UnderstandING the Esports rEvolution
As I have entered my eighth decade of life, there are many great technological advances that I have seen born in my lifetime, including television, manned missions to the moon, video games, the personal computer, the internet, mobile phones and personal electronic devices, smart cities, and digital gaming. People tracked a game’s progress by hanging placards on the scoreboard at Yankee stadium when I was a child, now it is all digital, even showing the player and game trivia diehard fans like me love. It is no surprise then that technology has given birth to Esports; imagine video games played competitively by organized teams.
This $3.5 billion industry is rapidly growing and becoming an amazing force in competitive sports. It could one day be bigger than my beloved baseball.
My sports heroes were Joe Dimaggio (1936-1951), Yogi Berra (1946-1953), Whitey Ford (1950, 1953-1967), Elston Howard (1955-1967) and Mickey Mantle (1951-1968) to name a few. I remember the thrill when Reggie Jackson tied Babe Ruth’s World Series record with three home runs in 1977. I know how to find player rankings based on RBIs, batting average, etc. I love all the sights, sounds, smells, heroes, and excitement of Yankees baseball.
My sport has a team roster of 26 players and up to 40 players under contract each season. The players have big money, multi-year contracts (in most cases), and loyal fans. I sit in an open-air stadium while 9-players take the field.
Esports offers “team-oriented multiplayer online battle arenas (MOBAs)” as well as single player, multi-player, and virtual stadiums and arenas. The players have “player IDs” that have fan followings perhaps greater than my baseball heroes. The esports culture is different than anything I grew up with, but it is no less exciting for its fans.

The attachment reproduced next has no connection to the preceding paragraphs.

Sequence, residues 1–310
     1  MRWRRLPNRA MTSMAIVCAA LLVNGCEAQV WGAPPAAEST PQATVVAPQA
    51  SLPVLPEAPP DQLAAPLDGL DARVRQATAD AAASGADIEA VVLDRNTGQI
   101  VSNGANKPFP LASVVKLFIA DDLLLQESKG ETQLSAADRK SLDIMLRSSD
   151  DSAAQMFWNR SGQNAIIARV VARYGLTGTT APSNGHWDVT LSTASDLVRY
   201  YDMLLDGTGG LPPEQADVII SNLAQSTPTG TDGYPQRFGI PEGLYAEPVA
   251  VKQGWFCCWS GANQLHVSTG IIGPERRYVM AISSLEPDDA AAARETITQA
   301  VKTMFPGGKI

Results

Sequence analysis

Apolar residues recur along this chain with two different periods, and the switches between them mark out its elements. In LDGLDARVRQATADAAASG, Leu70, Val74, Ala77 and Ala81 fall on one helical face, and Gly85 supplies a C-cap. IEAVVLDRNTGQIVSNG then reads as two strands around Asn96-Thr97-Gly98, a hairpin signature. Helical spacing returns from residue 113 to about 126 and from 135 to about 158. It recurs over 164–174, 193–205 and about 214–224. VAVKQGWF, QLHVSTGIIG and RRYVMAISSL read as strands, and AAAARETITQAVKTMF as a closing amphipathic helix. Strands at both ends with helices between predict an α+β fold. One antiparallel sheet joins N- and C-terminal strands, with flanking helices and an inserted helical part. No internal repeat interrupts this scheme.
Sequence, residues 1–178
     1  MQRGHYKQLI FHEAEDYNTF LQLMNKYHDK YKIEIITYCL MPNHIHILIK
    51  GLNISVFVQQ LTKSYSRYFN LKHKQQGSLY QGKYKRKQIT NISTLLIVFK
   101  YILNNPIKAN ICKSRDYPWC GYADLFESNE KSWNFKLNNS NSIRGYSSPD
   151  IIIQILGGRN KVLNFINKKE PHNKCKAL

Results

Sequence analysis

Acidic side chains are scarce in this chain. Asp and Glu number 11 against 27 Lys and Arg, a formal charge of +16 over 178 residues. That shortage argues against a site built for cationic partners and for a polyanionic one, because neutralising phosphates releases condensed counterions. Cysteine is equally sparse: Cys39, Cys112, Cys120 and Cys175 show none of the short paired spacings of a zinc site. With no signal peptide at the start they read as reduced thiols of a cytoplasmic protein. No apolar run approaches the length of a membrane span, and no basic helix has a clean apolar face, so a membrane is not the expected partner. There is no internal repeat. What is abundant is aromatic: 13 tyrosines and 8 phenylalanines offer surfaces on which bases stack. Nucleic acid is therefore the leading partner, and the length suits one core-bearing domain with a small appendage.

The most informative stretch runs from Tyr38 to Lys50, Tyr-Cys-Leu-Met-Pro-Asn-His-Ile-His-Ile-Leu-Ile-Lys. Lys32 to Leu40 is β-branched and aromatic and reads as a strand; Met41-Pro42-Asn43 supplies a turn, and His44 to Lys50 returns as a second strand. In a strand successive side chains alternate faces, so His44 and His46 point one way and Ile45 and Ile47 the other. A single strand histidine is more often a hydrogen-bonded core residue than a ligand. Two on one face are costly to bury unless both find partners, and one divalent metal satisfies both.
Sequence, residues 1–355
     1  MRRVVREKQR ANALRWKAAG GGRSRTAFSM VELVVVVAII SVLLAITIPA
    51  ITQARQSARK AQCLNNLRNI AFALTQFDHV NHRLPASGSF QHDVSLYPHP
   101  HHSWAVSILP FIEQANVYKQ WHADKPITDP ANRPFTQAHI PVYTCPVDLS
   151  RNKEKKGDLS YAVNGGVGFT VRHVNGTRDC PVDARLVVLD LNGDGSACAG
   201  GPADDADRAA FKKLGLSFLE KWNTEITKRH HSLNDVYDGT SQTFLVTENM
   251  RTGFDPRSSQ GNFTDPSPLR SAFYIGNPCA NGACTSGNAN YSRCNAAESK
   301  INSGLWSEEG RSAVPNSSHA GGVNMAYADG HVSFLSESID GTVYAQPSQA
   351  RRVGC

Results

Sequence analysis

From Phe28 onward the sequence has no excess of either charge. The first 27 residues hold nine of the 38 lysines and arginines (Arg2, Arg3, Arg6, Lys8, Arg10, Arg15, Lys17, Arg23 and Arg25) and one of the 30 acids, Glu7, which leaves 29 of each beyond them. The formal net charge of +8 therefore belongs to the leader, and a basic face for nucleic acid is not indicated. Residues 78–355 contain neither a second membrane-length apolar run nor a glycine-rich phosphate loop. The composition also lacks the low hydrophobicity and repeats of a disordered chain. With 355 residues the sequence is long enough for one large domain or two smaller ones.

I am trying to get my head around esports because it is an amazing cultural phenomenon, one that can involve families. Just like Little League, youth soccer, and high school and college sports, parents and other family members are invested in the success of their “players.” They buy equipment, monitor online activity, participate in team meetings, travel with their player to tournaments, and support them during success and failure. The best of these players and their teams can become famous and earn big money and fame for their effort.
Who are the top-rated esports players? It’s complicated in the same way as any sport that has a large fan base and lots of money. It depends on the game. So, I went to esportsearnings.com to find out who the best players are and found that player ID “N0tall” earned more than $7.1 million playing Dota 2.
In fact, there are 110 Esports players who have earned at least seven figures and hundreds more that have earned six-figures playing Dota 2, several variations of Call of Duty, Fortnite, Starcraft, Warcraft, Counter Strike, Mortal Kombat, etc. The lowest paid player, number 500 in the world of esports, has earned more than $333,000 playing Dota 2. Two tournaments in 2021 awarded over $2 million in prize money each to teams and individual players. This is serious money supported by big name business and a growing base of devoted fans.
In my view, serious money means there is a need for standards to protect the integrity of the sport. What lessons have been learned and how are they documented? How do we translate lessons learned into best practices? How can best practices evolve into measurable standards that help ensure the long-term viability and integrity of esports?
I may not understand esports the way I understand baseball, but I am excited by its prospects. In our quest to understand esports and its associated culture and fan base, IIFX is thinking about its future. We look forward to working with the thought leaders, practitioners, sponsors, stakeholders, experts, academics, and the fans to help build esports and enhance the fan experience for all.